The bases of the walls are removably attached to the foundation by anchor bolts. In the tubular bases, access to the anchor bolts is provided by cutouts covered by removable plates. An advantage of the invention is that an anchor bolt access for removing and relocating the walls is available from the exterior of the structure with both the tubular and channel-like bases.
Long, continuous steel plates providing a moisture and termite resistant barrier are positioned between the foundation and the walls when a relocatable steel floor is used in lieu of a concrete floor system. In select locations, the anchor bolts extend upwardly through the steel plates to bolt the wall sections to the foundation. Shorter steel plates are positioned to lie beneath abutting floor sections. The steel plates provide means for connecting the floor sections to the walls. Bolts welded to the steel plates are used to secure the steel plates to the wall bases at locations where an anchor bolt is also available. The connection is completed by welding the angle iron bracings of each floor section to the steel plates.
Alternatively, the angle iron bracings may be bolted to the wall bases. In this arrangement, use of the channel-like wall bases is preferred.
In accordance with a preferred method of the invention, the floor sections are positioned upon the steel plates, or alternatively upon a concrete slab. Next, the bases of the walls are secured to the foundation by anchor bolts which can engage the steel plates as well. The steel plates may be bolted to the wall bases at locations preferably adjacent to the anchor bolts by using upwardly extending bolts welded to the plates. Finally, the floor sections are attached to the walls by bolting the angle iron bracings to the wall bases or by welding the bracings to the steel plates.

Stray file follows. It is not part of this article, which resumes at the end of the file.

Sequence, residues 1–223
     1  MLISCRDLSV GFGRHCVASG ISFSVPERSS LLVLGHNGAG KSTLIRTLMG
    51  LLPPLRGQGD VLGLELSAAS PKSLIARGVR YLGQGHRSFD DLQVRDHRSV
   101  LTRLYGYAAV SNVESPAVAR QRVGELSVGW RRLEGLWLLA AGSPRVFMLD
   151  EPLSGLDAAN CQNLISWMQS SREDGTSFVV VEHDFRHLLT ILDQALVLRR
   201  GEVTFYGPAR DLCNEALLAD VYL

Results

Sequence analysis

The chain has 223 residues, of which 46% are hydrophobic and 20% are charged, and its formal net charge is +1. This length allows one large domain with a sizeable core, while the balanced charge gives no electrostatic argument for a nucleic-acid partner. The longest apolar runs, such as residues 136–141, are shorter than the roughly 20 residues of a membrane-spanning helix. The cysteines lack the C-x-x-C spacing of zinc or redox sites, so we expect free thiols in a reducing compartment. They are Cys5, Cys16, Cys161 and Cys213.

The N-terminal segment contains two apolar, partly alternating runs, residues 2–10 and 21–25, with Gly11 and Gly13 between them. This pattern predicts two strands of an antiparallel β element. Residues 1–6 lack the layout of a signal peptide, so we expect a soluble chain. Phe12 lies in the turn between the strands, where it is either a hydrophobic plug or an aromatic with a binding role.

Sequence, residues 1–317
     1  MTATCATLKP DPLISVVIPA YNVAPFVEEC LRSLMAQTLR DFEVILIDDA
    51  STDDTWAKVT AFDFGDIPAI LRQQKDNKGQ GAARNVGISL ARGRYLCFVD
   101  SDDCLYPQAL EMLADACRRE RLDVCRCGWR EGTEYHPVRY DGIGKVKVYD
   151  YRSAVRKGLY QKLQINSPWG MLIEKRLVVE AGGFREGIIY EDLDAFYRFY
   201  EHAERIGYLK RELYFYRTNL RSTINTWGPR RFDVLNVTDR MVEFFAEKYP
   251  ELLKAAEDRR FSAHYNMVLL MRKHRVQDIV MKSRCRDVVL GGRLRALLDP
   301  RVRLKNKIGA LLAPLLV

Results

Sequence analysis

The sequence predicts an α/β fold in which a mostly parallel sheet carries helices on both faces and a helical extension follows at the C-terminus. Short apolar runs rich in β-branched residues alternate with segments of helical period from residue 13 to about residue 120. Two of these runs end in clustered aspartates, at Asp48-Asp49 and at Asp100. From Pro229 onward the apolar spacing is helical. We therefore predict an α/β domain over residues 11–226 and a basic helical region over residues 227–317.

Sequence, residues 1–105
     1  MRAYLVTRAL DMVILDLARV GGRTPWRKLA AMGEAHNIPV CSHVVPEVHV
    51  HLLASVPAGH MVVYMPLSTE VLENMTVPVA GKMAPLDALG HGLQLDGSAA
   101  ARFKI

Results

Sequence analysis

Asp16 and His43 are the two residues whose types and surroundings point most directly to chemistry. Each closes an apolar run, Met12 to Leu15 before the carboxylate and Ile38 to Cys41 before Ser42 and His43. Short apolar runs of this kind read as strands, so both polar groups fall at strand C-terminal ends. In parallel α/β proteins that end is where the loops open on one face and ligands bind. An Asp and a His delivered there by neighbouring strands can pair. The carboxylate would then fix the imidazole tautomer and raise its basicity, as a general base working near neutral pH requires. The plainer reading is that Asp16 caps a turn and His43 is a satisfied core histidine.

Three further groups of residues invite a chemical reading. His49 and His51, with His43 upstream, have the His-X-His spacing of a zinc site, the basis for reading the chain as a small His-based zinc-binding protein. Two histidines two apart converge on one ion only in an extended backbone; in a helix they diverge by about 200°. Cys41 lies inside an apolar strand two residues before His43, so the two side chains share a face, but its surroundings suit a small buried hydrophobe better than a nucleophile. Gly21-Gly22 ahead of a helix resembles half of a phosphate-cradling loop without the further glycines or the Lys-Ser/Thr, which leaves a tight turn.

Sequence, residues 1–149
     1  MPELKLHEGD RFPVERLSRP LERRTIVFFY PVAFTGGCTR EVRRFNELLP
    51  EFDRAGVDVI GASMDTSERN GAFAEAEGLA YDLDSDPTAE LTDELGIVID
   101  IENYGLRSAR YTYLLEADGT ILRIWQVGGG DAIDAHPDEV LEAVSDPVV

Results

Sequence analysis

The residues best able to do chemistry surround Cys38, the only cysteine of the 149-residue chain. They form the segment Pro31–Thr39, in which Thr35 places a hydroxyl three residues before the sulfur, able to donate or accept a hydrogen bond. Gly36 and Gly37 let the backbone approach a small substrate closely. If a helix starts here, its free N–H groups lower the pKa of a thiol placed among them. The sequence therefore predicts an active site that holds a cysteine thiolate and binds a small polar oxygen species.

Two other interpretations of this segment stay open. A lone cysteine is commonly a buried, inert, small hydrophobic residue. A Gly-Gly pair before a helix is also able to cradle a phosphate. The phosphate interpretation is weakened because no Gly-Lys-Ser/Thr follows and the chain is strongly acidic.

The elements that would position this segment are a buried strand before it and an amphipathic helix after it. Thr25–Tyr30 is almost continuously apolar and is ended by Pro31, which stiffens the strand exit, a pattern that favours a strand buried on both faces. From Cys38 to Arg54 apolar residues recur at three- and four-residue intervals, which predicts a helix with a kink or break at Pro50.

The walls are relocated by simply unbolting the anchor bolts. Because the floor is attached to the walls, rather than to the foundation, the wall and floor sections are advantageously relocated as a unit. The wall sections are positioned in a new arrangement atop the foundation, or are moved to an entirely different foundation, and then are reattached in place by the anchor bolts.
A more permanent building can be erected using the present invention with the inclusion of a concrete slab. In one embodiment, the metal floor sections can sit atop the slab, in which case the walls and their attached floor sections remain relocatable as a unit. Alternatively, the concrete slab can be used as the floor, in which case only the detachable walls are relocatable.
Other features and advantages of the present invention will become apparent from the following more detailed description, taken in conjunction with the accompanying drawings which illustrate, by way of example, the principles of the invention.